Getting started

Cobalt is a lightweight HTML5/CSS/JS application container that is designed to provide a rich application development environment with minimal resource consumption (deployment size, RAM, CPU, GPU). At the same time, Cobalt enables a rich, low-latency user experience across a wide variety of platforms and devices.

Target audiences

Cobalt's documentation is written with two audiences in mind:

  • Porters enable Cobalt to work on other platforms by using Starboard, Cobalt's porting layer and OS abstraction, to implement the platform-specific functionality that Cobalt uses. Each Starboard module (memory, socket, thread, etc.) defines functions that must be implemented for the porter's platform.

  • Developers want to build applications in familiar environments with advanced debugging tools without having to worry about compatibility with a highly fragmented set of browsers. At the same time, they want to have full control over their codebase so that they can ship features for constrained platforms, like TVs, on time and without technical risk.

Benefits of Cobalt

Cobalt significantly reduces the cost of supporting a browser on non-standard and resource-constrained platforms. In addition, since Cobalt operates at a consolidated, versioned platform abstraction layer, its porting effort is man-weeks, and subsequent rebases are near-free.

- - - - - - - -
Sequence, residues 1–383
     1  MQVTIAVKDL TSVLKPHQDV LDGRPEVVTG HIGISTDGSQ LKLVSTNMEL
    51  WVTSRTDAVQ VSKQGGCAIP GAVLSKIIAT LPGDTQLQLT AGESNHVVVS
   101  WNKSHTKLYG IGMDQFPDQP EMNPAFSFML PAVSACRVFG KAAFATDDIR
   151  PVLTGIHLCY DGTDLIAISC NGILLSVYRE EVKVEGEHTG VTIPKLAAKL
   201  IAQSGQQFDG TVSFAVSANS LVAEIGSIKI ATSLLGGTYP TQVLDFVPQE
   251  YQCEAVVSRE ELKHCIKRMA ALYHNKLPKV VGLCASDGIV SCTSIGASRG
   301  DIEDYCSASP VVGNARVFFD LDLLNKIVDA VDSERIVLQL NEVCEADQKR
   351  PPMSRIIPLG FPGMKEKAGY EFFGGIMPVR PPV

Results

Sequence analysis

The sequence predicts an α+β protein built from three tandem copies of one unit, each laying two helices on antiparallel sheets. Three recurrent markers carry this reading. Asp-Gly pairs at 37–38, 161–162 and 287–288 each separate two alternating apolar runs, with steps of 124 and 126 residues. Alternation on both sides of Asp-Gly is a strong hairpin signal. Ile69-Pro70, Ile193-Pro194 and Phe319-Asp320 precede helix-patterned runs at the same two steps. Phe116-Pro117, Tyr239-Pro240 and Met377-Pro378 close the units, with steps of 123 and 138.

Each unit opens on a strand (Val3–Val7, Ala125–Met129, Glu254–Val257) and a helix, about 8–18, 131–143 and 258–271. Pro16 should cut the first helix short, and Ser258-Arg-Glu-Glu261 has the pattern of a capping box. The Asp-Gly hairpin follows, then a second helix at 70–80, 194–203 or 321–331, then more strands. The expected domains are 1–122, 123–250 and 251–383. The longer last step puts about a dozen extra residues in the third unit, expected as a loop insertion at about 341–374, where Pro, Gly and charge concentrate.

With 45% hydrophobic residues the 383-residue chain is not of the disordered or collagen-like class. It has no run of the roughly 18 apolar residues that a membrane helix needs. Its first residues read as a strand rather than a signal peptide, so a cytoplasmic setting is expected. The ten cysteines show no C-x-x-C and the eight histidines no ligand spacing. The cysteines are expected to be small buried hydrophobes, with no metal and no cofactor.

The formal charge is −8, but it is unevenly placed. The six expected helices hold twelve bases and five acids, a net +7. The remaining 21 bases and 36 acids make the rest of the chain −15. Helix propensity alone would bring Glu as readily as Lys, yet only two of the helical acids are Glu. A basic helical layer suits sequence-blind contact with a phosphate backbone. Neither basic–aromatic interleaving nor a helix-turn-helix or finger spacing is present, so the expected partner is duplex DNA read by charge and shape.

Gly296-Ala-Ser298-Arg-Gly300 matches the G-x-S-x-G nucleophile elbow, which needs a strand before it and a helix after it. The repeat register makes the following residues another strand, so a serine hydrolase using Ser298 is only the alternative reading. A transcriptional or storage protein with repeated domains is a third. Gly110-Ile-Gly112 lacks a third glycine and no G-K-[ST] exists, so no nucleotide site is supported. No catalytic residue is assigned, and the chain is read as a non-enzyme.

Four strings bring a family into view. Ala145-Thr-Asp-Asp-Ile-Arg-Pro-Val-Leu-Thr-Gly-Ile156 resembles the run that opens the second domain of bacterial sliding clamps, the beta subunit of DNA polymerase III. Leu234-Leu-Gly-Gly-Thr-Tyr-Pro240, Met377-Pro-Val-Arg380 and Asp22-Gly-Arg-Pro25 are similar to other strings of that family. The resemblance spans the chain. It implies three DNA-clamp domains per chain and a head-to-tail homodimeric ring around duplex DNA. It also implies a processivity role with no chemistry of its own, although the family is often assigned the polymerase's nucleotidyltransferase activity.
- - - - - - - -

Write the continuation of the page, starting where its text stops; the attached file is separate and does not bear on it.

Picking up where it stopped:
These are some other benefits that Cobalt provides:

  • More platforms

    • Cobalt does not require platforms to support JIT compilation and can run on platforms that disallow execution of dynamically generated code.
    • Cobalt is a single-process application and does not rely on the ability to spawn multiple processes.
    • Cobalt precompiles a set of shaders that are sufficient to express all graphical effects, thereby accommodating platforms that cannot compile shaders at runtime.
    • Cobalt requires a compliant C++11 compiler, allowing it to reach platforms with toolchains that don't support the newest C++17 features.
  • Small footprint

    • Cobalt is optimized for memory. Its surface cache never exceeds a predefined budget, and it never creates duplicate layers, reducing the likelihood of out-of-memory crashes.
    • Cobalt's small binary is designed to take up as little space as possible. By supporting a subset of HTML5/CSS/JS, Cobalt's reduced package size even allows bundling of CJK fonts on low-end devices.
  • Reduced input latency

    • Cobalt produces consistent 60FPS animations by only supporting animation of properties that don't affect layout, like transform, and always running animations on a separate thread.
    • Cobalt is optimized to run on single-core CPUs, resulting in better input latency since the renderer and resource loader do not compete with layout operations.
    • On platforms that support GLES2, Cobalt avoids CPU painting by performing almost all rendering operations on the GPU.

Getting started


Porters should begin with the porting guide, which explains how to use Starboard, Cobalt's porting layer, to customize the platform-specific functionality that Cobalt uses. There are several reference documents to help porters customize configuration files and to implement module-specific functionality. The Testing with NPLB document provides an overview of Starboard's compliance test suite.


Developers can follow the setup instructions for Linux or RasPi to set up their Cobalt development environment, clone a copy of the Cobalt code repository, and build a Cobalt binary. The Cobalt support guide lists the HTML elements, CSS properties, CSS selectors, and JavaScript Web APIs that developers can use in their Cobalt applications.